Proof. It’s a nice exercise to show that every such space X is semilocally simply connected. This does not require any local path connectivity assumptions.

The homotopically Hausdorff property is actually much weaker than the semilocally simply connected property but it is a necessary property to have in order to applying generalized covering space theories. Many, many other spaces without traditional universal covers are also homotopically Hausdorff, including all 1-dimensional spaces (e.g. Hawaiian earring, Menger Sponge, etc.), all planar spaces, and many (but not all) 2-dimensional spaces, among others.

Why is “Hausdorff” in the name?

The name suggests that there is some kind of separation-like axiom here. Indeed, if a space is homotopically Hausdorff, then we can separate homotopy classes in a certain topological sense.

The standard universal covering space construction: Let \widetilde{X} be the set of homotopy (rel. endpoint) classes of paths in X starting at x_0. We give this set the standard topology which is sometimes called “whisker topology”. A basic open set generating the standard topology is of the form

B([\alpha],U)=\{[\alpha\cdot\gamma]|\gamma([0,1])\subseteq U\}

where U is an open neighborhood of \alpha(1).


An element in B([\alpha],U). Such an element can only differ from [\alpha] at its terminal end but there it may be a complicated extension within U.

It’s a nice exercise in covering space theory to show that these sets form a basis for a topology on \widetilde{X}. Recent work of my own actually shows that this topology is the only topology of generalized covering space theories for locally path-connected spaces – any other notion of generalized covering space based on homotopy-lifting must be equivalent to it. Here is the reasoning for the name.

Theorem: The following are equivalent:

  1. X is homotopically Hausdorff,
  2. \widetilde{X} is Hausdorff (T_2),
  3. \widetilde{X} is T_1,
  4. \widetilde{X} is T_0.

Proof. 1. \Rightarrow 2. Suppose \widetilde{X} is not Hausdorff. Then there are paths \alpha,\beta:[0,1]\to X starting at x_0 such that [\alpha] and [\beta] are distinct homotopy classes which cannot be separated by disjoint basic open sets in \widetilde{X}. Since X is assumed to be Hausdorff, if \alpha(1)\neq \beta(1), then we could separate [\alpha] and [\beta] in \widetilde{X} simply by taking B([\alpha],U), B([\beta],V) where U\cap V=\emptyset. Thus we must have x=\alpha(1)=\beta(1). Notice [\alpha\cdot\beta^{-}]\neq 1 in \pi_1(X,x_0). Let U be an arbitrary open neighborhood of x. By assumption, B([\alpha],U)\cap B([\beta],U)\neq \emptyset so we have [\alpha\cdot\delta]=[\beta\cdot\epsilon] for paths \delta,\epsilon in U. Since [\beta]=[\alpha\cdot\delta\cdot\epsilon^{-}], we have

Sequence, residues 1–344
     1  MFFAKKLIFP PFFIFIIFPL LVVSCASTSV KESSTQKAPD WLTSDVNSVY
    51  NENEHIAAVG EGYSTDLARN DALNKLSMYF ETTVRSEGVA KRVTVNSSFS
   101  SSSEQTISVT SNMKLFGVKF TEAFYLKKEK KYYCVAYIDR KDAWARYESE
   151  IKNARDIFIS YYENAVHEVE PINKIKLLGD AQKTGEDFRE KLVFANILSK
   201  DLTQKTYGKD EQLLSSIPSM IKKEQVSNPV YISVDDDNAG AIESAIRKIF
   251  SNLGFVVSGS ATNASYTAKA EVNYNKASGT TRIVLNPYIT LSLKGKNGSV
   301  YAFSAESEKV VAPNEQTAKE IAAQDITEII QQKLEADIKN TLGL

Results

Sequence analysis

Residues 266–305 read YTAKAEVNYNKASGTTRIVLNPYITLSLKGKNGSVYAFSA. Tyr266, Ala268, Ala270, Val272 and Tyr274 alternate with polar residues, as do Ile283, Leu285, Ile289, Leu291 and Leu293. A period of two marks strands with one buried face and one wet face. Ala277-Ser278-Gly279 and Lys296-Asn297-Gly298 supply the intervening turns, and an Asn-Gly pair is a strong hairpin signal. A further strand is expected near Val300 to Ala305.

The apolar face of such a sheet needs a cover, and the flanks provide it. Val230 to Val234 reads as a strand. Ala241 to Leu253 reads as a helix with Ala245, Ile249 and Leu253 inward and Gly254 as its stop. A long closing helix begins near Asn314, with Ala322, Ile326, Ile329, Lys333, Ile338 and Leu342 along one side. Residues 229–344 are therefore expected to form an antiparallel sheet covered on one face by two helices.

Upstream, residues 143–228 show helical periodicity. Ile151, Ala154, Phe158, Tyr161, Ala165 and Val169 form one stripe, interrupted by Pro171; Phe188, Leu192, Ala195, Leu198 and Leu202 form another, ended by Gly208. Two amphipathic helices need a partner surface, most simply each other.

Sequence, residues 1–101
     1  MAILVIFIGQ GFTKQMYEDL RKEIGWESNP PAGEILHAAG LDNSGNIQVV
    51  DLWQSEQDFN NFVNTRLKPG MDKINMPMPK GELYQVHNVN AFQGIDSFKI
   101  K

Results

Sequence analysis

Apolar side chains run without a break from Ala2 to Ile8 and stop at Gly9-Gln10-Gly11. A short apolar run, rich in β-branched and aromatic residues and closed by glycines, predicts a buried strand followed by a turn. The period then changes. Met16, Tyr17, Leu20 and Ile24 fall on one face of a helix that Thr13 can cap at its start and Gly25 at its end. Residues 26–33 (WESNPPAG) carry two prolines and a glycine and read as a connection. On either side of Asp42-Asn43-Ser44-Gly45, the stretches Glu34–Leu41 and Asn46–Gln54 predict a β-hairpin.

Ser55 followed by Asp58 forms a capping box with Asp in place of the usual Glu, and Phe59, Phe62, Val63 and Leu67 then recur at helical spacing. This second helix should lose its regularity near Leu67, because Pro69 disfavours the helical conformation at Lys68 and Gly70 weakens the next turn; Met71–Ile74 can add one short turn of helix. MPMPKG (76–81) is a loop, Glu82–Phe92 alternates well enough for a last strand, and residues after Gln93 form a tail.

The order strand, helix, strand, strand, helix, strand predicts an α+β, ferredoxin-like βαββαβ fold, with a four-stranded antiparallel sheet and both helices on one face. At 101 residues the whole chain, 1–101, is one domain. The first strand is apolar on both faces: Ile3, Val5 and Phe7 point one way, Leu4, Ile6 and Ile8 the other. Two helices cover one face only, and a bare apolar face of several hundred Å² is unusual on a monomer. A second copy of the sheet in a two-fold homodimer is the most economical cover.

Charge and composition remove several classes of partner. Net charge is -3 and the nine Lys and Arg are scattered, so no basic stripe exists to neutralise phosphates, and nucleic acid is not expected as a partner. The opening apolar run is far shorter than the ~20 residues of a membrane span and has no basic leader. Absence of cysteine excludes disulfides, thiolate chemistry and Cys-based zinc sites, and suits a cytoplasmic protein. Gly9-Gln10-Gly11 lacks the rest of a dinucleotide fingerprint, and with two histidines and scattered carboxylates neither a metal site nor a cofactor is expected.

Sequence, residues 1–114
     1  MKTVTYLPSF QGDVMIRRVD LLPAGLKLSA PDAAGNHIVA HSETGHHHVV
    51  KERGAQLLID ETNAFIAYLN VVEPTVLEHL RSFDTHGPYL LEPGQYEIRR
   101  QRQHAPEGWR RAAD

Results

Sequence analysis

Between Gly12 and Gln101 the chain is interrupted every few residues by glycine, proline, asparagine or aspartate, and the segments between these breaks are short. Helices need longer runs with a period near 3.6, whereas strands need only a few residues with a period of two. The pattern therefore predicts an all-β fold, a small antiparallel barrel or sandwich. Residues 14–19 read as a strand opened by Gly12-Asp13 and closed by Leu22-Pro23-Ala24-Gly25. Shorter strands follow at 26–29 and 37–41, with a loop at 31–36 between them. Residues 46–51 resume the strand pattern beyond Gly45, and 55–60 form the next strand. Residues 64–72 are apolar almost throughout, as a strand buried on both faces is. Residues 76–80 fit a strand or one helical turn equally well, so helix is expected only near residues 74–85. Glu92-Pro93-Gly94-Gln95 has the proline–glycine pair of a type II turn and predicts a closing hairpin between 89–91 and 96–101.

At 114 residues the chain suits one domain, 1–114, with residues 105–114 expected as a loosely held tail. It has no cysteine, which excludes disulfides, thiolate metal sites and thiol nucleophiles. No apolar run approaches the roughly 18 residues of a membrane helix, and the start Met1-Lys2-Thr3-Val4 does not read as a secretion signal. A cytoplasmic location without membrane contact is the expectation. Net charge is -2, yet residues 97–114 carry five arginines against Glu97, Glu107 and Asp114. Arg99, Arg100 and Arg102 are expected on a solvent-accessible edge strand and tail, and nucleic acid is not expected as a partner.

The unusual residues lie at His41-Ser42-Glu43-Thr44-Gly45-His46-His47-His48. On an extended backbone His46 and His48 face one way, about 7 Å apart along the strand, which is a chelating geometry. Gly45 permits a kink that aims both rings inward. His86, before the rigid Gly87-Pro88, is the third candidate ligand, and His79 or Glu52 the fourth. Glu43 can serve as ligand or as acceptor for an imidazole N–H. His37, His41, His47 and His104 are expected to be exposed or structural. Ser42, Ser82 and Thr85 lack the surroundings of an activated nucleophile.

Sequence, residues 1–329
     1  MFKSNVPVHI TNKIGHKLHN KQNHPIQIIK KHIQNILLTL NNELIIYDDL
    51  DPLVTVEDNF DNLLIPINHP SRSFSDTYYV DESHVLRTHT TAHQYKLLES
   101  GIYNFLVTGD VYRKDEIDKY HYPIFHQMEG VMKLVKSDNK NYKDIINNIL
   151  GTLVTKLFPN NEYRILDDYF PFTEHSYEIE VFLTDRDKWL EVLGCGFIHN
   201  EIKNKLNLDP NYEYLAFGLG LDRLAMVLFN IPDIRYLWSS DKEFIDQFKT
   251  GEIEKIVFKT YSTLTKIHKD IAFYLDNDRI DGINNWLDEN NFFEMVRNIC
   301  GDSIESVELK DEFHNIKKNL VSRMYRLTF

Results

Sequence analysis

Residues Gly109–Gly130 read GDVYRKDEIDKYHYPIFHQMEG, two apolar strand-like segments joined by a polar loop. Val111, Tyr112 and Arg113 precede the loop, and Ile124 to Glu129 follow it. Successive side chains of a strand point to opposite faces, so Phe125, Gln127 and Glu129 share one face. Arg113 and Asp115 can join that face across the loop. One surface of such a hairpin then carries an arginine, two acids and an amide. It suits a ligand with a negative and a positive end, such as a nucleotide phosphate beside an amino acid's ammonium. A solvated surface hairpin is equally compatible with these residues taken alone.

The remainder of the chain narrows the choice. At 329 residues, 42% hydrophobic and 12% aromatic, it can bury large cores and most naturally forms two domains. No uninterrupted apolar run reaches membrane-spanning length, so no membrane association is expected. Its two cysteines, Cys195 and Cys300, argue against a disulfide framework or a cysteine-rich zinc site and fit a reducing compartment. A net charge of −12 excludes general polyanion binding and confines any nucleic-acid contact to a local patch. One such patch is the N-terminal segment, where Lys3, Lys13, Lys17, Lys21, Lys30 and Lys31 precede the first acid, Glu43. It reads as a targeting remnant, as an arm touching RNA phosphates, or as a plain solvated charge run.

[\alpha\cdot\beta^{-}]=[\beta\cdot\alpha^{-}]^{-1}= ([\alpha\cdot\delta\cdot\epsilon^{-}\cdot\alpha^{-}])^{-1}=[\alpha\cdot\epsilon\cdot\delta^{-}\cdot\alpha^{-}].

This means [\alpha\cdot\beta^{-}]\in \pi(\alpha,U). Since U was arbitrary, it follows that 1\neq [\alpha\cdot\beta^{-}]\in \bigcap_{U\in\mathcal{T}_x}\pi(\alpha,U). Thus X is not homotopically Hausdorff.

2. \Rightarrow 3. \Rightarrow 4. are basic facts of separation axioms.

4. \Rightarrow 1. Suppose X is not homotopically Hausdorff. Then there is a path \alpha from x_0 to \alpha(1)=x and an element 1\neq [\beta]\in\bigcap_{U\in\mathcal{T}_x}\pi(\alpha,U). Since [\beta]\neq 1, we have [\alpha]\neq[\beta\cdot\alpha]. Let B([\alpha],U) be a basic neighborhood of [\alpha] in \widetilde{X}. By choice of [\beta], we may write [\beta]=[\alpha\cdot\gamma\cdot\alpha^{-}] where \gamma is a loop in U. Thus [\beta\cdot\alpha]=[\alpha\cdot\gamma]\in B([\alpha],U). Since [\beta\cdot\alpha] lies in every neighborhood of [\alpha], the two are topologically indistinguishable in \widetilde{X}, i.e. \widetilde{X} is not T_0. \square

Posted in Covering Space Theory, Fundamental group, Griffiths twin cone, harmonic archipelago, Homotopy theory, Uncategorized | Tagged , , , | 1 Comment